This erudite volume offers fresh consideration of the work of famous fourth-century church father Athanasius, giving specific attention to his use of Scripture, his deployment of metaphysical categories, and the intersection between the two. Peter Leithart not only introduces Athanasius and his biblical theology but also puts Athanasius into dialogue with contemporary theologians. The book draws on Athanasius’ theology to shed light on contemporary theological debates and defends him against contemporary criticisms of “classical theism.”
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The action of this book occurs on three levels at least: most obviously, it is a presentation of Athanasius in his confrontation with Arianism; then, too, the author conducts his own engagement with some modern and contemporary scholars both in their interpretation of Athanasius and in their treatment of the substantive questions; and finally, some perennial issues of scriptural exegesis and hermeneutics peep more directly through in many places. Peter Leithart describes his governing systematic purpose as the ‘evangelization of metaphysics,’ and it may be affirmed that classical doctrines of the Trinity and the incarnation here shine through in all their soteriological strength.
—Geoffrey Wainwright, Cushman Professor of Systematic Theology, Duke Divinity School
If Christian theology had superheroes, Athanasius would perhaps lead the list thanks to his sometimes single-handed struggle to maintain Trinitarian orthodoxy. Leithart’s excellent study shows Athanasius to be christocentric in his biblical interpretation and theology long before Barth made it fashionable to be so. The ‘sense of the Fathers’ is indeed being visited upon their evangelical great-grandchildren, and with mostly salutary effect.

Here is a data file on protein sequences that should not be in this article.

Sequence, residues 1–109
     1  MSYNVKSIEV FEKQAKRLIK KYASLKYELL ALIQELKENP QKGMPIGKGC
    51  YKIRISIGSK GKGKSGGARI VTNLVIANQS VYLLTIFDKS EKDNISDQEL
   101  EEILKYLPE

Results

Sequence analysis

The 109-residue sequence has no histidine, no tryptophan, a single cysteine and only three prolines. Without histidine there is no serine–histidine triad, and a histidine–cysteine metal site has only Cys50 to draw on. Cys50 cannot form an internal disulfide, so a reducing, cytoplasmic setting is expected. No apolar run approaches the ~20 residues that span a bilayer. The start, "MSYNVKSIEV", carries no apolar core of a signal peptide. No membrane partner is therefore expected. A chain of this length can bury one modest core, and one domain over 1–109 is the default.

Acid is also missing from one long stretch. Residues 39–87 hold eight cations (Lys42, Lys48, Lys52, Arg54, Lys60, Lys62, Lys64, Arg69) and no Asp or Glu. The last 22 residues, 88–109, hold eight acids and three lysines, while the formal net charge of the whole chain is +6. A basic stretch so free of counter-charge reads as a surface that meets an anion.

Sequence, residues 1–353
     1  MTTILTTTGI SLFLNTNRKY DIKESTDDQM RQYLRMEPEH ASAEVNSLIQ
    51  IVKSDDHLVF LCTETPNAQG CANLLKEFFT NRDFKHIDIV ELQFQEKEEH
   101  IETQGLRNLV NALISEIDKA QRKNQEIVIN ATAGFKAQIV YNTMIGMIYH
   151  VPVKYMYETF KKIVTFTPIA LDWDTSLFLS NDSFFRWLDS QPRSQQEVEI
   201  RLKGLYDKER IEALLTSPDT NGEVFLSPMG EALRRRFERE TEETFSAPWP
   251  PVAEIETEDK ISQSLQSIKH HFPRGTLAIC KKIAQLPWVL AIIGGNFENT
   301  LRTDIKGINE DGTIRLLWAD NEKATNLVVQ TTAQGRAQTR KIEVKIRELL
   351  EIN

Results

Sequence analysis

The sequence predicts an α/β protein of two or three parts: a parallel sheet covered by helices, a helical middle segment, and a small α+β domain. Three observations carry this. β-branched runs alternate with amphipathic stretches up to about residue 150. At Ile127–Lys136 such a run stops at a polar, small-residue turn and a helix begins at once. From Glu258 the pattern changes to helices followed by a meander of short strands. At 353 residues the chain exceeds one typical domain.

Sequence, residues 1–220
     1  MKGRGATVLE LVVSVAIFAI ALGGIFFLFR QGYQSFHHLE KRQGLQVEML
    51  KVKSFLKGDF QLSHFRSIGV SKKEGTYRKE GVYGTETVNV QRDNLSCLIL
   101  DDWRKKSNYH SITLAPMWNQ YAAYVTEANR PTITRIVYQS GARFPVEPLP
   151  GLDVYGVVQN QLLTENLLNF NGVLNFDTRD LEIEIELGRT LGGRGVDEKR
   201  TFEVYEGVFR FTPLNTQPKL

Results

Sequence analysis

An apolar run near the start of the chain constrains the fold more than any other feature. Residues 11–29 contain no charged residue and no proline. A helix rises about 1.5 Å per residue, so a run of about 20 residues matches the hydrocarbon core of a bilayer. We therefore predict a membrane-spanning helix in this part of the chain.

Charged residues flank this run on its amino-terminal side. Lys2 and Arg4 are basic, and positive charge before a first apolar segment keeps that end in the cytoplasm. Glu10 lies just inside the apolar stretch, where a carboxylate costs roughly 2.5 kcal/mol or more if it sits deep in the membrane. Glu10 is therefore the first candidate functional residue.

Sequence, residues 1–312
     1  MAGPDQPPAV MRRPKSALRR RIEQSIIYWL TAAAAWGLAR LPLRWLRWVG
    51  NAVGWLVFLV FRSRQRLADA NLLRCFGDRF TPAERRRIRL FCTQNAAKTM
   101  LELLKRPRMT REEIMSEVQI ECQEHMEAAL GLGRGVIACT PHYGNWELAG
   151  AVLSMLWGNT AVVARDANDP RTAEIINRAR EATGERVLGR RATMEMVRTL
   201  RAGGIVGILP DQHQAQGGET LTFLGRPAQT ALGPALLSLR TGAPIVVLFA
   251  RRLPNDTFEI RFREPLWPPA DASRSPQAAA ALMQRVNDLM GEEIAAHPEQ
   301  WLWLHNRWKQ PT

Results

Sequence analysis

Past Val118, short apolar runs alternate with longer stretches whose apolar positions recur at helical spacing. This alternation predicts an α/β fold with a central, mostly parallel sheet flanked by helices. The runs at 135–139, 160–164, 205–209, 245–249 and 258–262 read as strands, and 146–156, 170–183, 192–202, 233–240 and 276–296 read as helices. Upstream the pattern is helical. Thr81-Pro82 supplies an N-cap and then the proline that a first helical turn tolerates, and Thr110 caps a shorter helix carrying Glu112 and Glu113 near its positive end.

—Kevin J. Vanhoozer, research professor of systematic theology, Trinity Evangelical Divinity School
The knowledge [Leithart] gleaned from researching the fourth century combined with his interest in exegesis come through with striking clarity. . . . Leithart argues that Athanasius had a robust Christology that shaped each of his writings, so it is fitting that he also makes this the focus of his book. He is christocentric in numerous creative ways which add to the strength of this book. Leithart also has an impressive knowledge of the current debates and is conversant with a vast array of primary and secondary sources. . . . Athanasius is a great book for anyone interested in the Christological debates of the fourth century, TIS, or modern debates over Trinitarian issues. Leithart not only gives excellent insights into Athanasius’ polemics with Arius, but he does so in a unique and fresh way. . . . Leithart should be applauded for reminding us that Athanasius can continue to speak today with great force.
Many aspects of this work will lead readers to value Leithart’s contribution. Students new to the field of patristics often search in vain for an introductory text—an issue that Leithart resolves in this book. He offers adequate citations that will introduce researchers to the key works associated with Athanasius and the broader field of study. Also, Leithart provides a helpful contribution to the field of hermeneutics in his discussion of Athanasius as a representative of the Nicene tradition of theological interpretation of Scripture. This aspect of his work helps readers understand Athanasius’ exegetical approach. . . . The author provides a systematic approach to understanding Athanasius, whose lack of systematization can prove difficult for the newcomer. . . . Leithart’s work is a welcome addition to the study of patristic exegesis and deserves close attention by students of historical theology. It will likely serve as an excellent option for seminary and graduate classes either as a primary text or as a resource for introducing the study of patristic theology.
Peter J. Leithart is a senior fellow of theology and literature and the dean of graduate studies at New Saint Andrews College. He serves as the organizing pastor of Trinity Reformed Church in Moscow, Idaho. Leithart is the author of numerous books, including 1 & 2 Kings in the Brazos Theological Commentary on the Bible and A House For My Name: A Survey of the Old Testament.